As a piece of engineering, or even a piece of art, it’s nothing short of brilliant. Because of this, forming an emotional connection to the Signature Touch is a real possibility, just like a much-loved item of jewelry or a favorite watch. It’s something I’ve felt with every Vertu phone I’ve used, but it was stronger with the Signature Touch, thanks to the comfort of knowing its vastly improved specification could handle anything I asked of it.

No, it still can’t match the 2014 flagship Android phones, but it’s up there with those released in late 2013, and if we’re all honest, that’s more than enough power and ability for 90 percent of smartphone owners.

Despite all this, it’s still impossible to justify the whopping price tag – it starts at £6,750 (11,500) — but then, that’s not the point. If you’re worried about money, then you buy a phone that’s within your budget. If money is no object, and you’d prefer something more exclusive that matches your car, tailored suit, and watch, then the Vertu makes sense.

If you’re in that enviable situation, then the Signature Touch is the best phone Vertu has produced to date, making it very easy to recommend.


  • Solid spec sheet
  • Incredible build quality
  • Truly premium materials
  • Exclusivity
  • Worldwide 4G LTE
  • Superb audio

Vertu Signature Touch Review

Made of premium materials with a solid design, the Vertu Signature Touch is an impressive piece of hardware with some cool services to back it up. But it’s hobbled by inconsistent performance that hurts the value proposition.

  • Sapphire screen, titanium and leather body
  • One-touch concierge access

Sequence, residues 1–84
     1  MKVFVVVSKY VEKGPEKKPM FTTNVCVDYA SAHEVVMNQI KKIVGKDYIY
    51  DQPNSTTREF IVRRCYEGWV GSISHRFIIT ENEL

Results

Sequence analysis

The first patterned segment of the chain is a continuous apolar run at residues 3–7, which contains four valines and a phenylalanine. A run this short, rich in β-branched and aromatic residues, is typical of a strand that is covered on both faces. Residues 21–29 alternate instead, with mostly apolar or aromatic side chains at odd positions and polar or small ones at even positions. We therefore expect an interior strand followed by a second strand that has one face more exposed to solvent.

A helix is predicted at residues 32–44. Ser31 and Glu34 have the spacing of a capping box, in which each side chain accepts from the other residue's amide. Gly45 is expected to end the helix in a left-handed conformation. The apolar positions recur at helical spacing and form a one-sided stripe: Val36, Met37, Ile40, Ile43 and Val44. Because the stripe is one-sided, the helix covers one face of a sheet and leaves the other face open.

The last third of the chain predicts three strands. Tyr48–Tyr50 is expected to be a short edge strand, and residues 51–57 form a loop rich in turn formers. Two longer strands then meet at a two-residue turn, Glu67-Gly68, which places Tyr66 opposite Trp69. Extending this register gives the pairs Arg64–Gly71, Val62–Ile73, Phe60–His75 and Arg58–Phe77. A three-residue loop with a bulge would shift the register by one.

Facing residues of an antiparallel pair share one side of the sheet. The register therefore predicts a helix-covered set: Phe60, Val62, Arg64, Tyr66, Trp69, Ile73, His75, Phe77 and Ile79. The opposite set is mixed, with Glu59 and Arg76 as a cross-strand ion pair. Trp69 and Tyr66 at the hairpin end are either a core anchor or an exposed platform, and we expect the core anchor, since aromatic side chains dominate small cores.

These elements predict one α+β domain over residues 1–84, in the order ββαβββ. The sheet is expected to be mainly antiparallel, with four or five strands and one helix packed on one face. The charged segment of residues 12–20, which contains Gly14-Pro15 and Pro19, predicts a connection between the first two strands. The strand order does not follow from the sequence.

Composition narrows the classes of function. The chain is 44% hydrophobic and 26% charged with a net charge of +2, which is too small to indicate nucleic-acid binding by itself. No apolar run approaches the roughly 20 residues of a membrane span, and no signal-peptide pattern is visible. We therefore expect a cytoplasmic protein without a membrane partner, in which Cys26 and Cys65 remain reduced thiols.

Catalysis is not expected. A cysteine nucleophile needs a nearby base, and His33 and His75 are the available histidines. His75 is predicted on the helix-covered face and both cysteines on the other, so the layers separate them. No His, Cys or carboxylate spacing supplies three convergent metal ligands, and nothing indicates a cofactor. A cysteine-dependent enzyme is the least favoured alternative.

• Nearly stock Android
  • Frequent lagging glitches
  • Still a normal smartphone inside
  • Poor camera performance
  • 4.7-inch HD display
  • 1920×1080 resolution (473ppi)
  • Sapphire crystal cover
  • 16MP, Hasselblad certified
  • 2.1MP front-facing camera
  • 2275 mAh battery
  • 15 hours talk time, 380 hours standby
  • Qi wireless charging
  • Qualcomm Snapdragon 801 processor
  • Quad-core 2.3GHz
  • 2GB RAM
  • 64GB internal storage
  • 24/7 concierge: phone, email, or chat
  • Vertu Life curated privileges and services

Just what does 9,000 get you in a smartphone?

Vertu Signature Touch Full Review

Hey, what phone is that? Normally conversations I have with friends about phones come down to why I carry two at any one point or why those two are constantly changing. But it’s rare that a just any phone sitting on a table prompts conversation like that. But the Vertu Signature Touch isn’t just any phone.

Truth be told, this wasn’t the first time I’d had this very conversation. I’d only had the phone for a few days and had gone through the process of explaining it a few times over. So I did it again, starting by casually handing them the phone.